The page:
Why ‘Blonde Ambition’ Lacks Ambition

Jenny Sharaf attempts to open feminist dialogue through an exhibition that ruptures mainstream portrayals of blondeness.

Jenny Sharaf’s exhibition Blonde Ambition begins with the premise that contemporary feminist practice is mired. The Oakland-based artist sees her peers fighting for many of the same values as feminists of the 1960s and 1970s, but without the benefit of their second-wave forebears’ highly politicized environment. “Disconnected from the struggle,” as the exhibition statement puts it. 

But Sharaf promises no conclusions or calls-to-action in her exhibition. Her aim, rather, is simply to keep open a dialogue that seems perpetually prone to fold in. “I want to make feminist art that doesn’t scream at you, but welcomes you into its layer,” she said. Blonde Ambition, now at Backstock Gallery, sets the depiction of blond women in Hollywood cinema as its discursive ground, aiming to make good on film theorist Laura Mulvey’s seminal 1973 call to rupture the visual pleasure of the Hollywood film and thus subvert its ideological power. 

Spanning a variety of media, Sharaf’s works employ roughly three main approaches to the disruptive task at hand. In one, the artist takes a glamorous image of a blond star — Brigitte Bardot is her go-to choice — and manipulates it to short-circuit any possibility of conventional visual pleasure, often using methods of kaleidoscopic multiplication redolent of the era from which these images hail. In one, rows of faces appear all but submerged in coils of blond locks, which encircle them in the manner of either a halo or a boa constrictor. She blackens Bardot’s face in another piece and, in yet another, multiplies her cigarillo-balancing lips to replace the rest of her face, bringing the sexual nature of the image into uncomfortable relief. Making use of video, Sharaf places a mirrored pyramidal tube over a monitor playing Barbarella, effectively wreaking similar havoc on the image of Jane Fonda within.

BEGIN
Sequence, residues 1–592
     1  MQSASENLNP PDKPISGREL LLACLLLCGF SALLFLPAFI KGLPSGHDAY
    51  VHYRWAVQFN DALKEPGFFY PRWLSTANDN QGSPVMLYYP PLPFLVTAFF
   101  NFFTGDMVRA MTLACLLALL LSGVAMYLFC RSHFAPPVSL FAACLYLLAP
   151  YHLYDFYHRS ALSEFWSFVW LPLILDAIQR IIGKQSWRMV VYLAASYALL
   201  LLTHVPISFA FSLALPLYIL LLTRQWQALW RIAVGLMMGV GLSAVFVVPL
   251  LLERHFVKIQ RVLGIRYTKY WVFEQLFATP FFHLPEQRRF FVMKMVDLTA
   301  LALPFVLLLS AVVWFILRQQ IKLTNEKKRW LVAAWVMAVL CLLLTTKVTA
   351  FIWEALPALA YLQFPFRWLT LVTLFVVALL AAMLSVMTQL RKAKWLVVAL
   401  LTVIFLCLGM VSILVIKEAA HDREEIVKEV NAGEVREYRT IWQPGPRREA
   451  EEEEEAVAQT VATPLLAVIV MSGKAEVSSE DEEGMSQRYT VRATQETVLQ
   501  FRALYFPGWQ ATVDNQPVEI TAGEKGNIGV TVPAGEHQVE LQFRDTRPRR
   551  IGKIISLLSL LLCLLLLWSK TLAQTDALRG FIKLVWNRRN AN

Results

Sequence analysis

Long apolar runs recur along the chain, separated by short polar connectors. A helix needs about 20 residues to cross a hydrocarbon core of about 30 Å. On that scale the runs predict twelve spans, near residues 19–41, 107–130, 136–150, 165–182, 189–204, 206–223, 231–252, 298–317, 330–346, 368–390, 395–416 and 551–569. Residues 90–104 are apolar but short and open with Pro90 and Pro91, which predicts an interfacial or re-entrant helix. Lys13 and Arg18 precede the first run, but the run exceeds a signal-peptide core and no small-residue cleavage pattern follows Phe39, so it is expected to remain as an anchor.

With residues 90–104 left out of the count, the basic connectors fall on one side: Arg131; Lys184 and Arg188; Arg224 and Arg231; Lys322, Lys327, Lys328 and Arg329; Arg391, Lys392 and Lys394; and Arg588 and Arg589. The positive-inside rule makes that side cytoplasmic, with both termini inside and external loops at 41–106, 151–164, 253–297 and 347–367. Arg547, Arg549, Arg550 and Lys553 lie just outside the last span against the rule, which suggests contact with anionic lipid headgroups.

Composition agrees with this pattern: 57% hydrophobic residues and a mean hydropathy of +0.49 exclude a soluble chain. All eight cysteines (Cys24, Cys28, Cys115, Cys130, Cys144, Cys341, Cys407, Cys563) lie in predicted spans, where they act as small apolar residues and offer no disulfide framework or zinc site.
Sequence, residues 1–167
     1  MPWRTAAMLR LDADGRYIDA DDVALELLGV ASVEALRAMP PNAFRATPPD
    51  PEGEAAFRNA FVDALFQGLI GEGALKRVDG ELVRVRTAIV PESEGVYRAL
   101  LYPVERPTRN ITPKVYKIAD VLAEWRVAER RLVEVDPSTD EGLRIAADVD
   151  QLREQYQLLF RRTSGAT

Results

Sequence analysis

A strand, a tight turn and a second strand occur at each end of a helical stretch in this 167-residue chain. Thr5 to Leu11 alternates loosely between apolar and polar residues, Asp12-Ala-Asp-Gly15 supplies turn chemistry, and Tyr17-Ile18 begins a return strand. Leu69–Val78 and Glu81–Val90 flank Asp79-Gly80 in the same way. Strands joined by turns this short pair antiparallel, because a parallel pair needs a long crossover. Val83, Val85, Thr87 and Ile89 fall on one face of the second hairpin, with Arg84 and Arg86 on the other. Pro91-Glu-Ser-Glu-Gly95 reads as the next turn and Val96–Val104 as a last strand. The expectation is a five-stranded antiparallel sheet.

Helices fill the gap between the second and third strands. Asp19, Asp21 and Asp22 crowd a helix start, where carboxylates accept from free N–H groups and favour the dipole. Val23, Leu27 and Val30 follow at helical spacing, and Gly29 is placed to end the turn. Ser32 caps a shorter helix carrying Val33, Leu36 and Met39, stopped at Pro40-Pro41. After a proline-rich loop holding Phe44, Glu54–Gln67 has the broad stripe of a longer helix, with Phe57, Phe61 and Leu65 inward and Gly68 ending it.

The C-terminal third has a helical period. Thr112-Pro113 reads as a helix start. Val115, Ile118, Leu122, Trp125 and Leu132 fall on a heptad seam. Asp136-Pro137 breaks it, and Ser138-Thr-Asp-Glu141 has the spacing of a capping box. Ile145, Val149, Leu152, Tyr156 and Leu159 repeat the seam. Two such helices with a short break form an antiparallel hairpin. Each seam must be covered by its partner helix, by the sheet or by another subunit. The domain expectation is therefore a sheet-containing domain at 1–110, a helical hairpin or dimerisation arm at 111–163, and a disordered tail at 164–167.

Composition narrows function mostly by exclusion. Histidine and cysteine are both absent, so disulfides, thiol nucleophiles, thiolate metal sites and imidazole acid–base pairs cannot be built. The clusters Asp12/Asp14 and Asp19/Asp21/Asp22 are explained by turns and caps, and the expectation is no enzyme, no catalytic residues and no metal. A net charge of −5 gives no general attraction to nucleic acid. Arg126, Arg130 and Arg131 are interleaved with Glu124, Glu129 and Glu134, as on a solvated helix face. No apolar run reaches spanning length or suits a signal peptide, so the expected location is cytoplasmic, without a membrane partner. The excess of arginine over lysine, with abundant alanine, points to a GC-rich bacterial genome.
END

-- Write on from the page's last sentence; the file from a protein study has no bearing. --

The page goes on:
In another approach, Sharaf takes a patterned surface (or, in one case, a TV monitor playing Alfred Hitchcock’s The Birds) and humorously interrupts it with a pooling of acrylic paint, usually orange, that both abstracts the image behind it and evokes the human epidermis — or its typically feminine complement: makeup. Thirdly, she presents a number of works in which real or synthetic human hair, sometimes loose and sometimes fancifully braided, drops out of a suggestive orifice in the painted canvas. While the disruptive intentions in these works are not as clearly discernible as those of the photo-based works, the effect is all the more visceral.

It is worth questioning, however, the decision in an exhibition ostensibly concerned about contemporary feminism to focus so exclusively on images from the past, down to an unmistakably Sixties palette of oranges, pinks, and yellows. Surely there are contemporary blonds that Hollywood has made to function akin to Bardot or Fonda. It is possible that by maintaining such an unwaveringly retro-oriented sensibility, Sharaf contributes to the depoliticized environment that she bemoans. 

Blonde Ambition runs through May 27 at Backstock Gallery (3231 Grand Ave., Oakland). 510-285-6629 or OakCommon.com/gallery


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